Last week I discussed how to make a marriage/relationship long lasting. For me and my spouse it is having a solid foundation with God and unconditional love for one another. Plus not worrying about what someone thinks we may be missing out on….. the whole grass is greener scenario. I listed the first three keys to a long-term relationship based on an article written by Preston Ni, M.S.B.A. published in Psychology Today: titled 7 Keys to Long-Term Relationship Success. 4-7 are as follows: 4-7 Keys for a successful long-term relationship are as follows:
4. Does Your Partner’s Communication Lift You Up or Bring You Down?
Dr. John Gottman of the University of Washington, a foremost expert on couple studies, concluded after over twenty years of research that the single, best predictor of divorce is when one or both partners show contempt in the relationship.
Contempt, the opposite of respect, is often expressed via negative judgment, criticism, or sarcasm regarding the worth of an individual. In communication studies, this is known as being “tough on the person, soft on the issue.” An effective communicator knows how to separate the person from the issue (or behavior), and be soft on the person and firm on the issue. An ineffective communicator will do the opposite – he or she will literally “get personal” by attacking the person, while minimizing or ignoring the issue.
Ineffective communication: “You are so stupid!”
Effective communication: “You’re a smart person, and what you did this morning was not very smart.”
Ineffective communication: “You never do any chores. You’re useless!”
Effective communication: “I noticed that you didn’t do the chores this week.”
Ineffective communication: “You’re always forgetting about me – do you even have a clue?”
Effective communication: “I know you have a lot on your mind lately, and I think it would be good for us to have a date night to reconnect.”
Contemptuous communication works like poison – it destroys the health and well-being of a romantic relationship.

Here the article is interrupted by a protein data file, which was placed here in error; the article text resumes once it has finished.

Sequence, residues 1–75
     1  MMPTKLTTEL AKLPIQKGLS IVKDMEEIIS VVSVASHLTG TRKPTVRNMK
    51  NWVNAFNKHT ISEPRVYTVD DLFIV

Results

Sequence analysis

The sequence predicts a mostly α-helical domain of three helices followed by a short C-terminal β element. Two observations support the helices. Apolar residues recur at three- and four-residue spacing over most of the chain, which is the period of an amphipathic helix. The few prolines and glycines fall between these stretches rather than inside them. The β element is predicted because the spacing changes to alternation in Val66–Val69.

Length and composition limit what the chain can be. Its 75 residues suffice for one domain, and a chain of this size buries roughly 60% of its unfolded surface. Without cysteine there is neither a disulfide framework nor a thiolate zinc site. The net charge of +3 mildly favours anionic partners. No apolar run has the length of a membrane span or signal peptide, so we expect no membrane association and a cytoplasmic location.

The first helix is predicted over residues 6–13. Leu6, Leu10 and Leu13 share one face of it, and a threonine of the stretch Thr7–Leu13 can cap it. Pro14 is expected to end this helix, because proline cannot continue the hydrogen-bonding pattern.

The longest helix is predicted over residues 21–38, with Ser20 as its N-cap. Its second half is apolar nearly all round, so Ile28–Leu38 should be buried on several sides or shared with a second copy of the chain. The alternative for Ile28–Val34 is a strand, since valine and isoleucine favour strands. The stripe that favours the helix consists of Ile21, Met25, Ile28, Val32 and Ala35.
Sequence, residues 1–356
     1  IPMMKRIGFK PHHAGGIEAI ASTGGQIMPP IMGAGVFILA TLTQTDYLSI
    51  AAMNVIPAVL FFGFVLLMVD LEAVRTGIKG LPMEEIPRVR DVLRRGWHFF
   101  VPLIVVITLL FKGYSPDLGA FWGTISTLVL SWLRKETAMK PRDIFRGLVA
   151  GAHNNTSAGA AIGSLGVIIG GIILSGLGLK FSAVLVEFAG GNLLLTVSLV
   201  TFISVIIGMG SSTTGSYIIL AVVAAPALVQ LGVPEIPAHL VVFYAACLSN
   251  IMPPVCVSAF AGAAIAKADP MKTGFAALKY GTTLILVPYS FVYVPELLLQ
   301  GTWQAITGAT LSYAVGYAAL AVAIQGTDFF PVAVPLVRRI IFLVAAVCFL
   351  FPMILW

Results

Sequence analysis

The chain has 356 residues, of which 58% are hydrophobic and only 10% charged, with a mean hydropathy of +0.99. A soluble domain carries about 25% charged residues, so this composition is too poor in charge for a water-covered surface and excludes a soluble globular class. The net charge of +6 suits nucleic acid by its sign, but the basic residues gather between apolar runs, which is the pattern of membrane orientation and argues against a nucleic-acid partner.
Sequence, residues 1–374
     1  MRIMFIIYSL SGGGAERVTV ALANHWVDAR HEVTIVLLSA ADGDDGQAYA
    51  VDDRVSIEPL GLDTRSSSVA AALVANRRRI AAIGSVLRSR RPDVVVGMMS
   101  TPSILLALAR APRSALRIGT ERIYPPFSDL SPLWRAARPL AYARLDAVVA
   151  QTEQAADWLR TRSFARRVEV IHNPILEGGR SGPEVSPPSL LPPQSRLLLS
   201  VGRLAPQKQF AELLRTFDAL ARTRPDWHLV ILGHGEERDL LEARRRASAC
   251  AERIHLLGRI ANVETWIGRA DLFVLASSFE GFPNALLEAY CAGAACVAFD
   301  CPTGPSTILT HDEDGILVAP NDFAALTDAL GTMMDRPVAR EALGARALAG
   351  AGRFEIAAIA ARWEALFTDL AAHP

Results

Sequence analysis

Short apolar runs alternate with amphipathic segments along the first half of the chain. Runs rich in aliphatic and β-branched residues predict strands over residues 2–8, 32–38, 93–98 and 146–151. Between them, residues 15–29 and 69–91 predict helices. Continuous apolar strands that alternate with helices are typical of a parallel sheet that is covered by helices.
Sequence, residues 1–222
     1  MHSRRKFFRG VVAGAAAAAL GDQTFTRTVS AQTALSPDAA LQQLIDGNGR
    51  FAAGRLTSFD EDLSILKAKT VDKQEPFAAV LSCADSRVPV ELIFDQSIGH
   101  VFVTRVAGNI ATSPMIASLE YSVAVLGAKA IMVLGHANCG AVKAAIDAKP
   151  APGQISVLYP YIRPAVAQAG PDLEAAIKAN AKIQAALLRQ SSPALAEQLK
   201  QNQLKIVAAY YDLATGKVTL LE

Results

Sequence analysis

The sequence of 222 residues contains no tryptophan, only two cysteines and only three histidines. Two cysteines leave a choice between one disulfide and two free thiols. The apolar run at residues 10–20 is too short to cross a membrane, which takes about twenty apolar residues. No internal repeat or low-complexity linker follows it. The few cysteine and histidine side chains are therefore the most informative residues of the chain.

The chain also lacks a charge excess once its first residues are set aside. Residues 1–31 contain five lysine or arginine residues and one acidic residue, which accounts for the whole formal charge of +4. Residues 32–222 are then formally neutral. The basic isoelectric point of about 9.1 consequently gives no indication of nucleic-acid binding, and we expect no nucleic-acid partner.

Consider the following questions:
- Does your partner’s communication lift you up, or bring you down?
- Is your partner’s communication with you “soft on the person, firm on the issue,” or the other way around?
- What about your communication with your partner?
If your relationship suffers from ineffective communication, the good newsis that as long as you and your partner are willing, improvements can be learned quickly and put to use immediately. For more resources on this topic, click on titles & download free excerpts of my publications: “How to Communicate Effectively and Handle Difficult People,” “How to Successfully Handle Passive-Aggressive People,” and “Communication Success with Four Personality Types.”
“Communication is a skill that you can learn. It’s like riding a bicycle or typing. If you’re willing to work at it, you can rapidly improve the quality of every part of your life.” – Brian Tracy
5. How do You and Your Partner Deal with Conflict in the Relationship?
It’s normal for a couple to quarrel from time to time – just part of what it means to be together. Conflicts and arguments won’t necessarily jeopardize a relationship. In fact, there are times when disagreements can actually bring a couple closer together. The key is in how you and your partner decide to handle the conflict.
Couples with poor conflict resolution skills typically engage in Fight, Flight, or Freeze behaviors. They fight and stay mad, sometimes holding grudges for years. They flight and avoid important issues by sweeping them under the rug. Or, after endless arguments with no resolution in sight, they freeze emotionally and shut down. Someone who freezes in a relationship typically goes through the motions on the outside, but has stopped caring on the inside.
Successful couples have the ability to solve problems and let it go. They focus on taking care of the issue rather than attacking the person. Even when angry, they find ways to be upset and stay close at the same time. Once the matter is resolved, they forgive and forget. Most importantly, successful couples have the ability to learn and grow through their interpersonal difficulties. Like fine wine, their relationship improves with age and gets better over time.
I was sitting at a coffee shop once when I witnessed a brilliant example of an elderly couple’s conflict resolution. They were sitting next to me when the husband accidently knocked a cup of water over the table and onto his wife. As he got up to get some napkins, his wife announced to everyone: “He’s been doing this to me for twenty-three years!” And as the husband gently cleaned off the spill on his wife, he turned to us and said: “She deserves it!” His wife laughed. He laughed. We all laughed.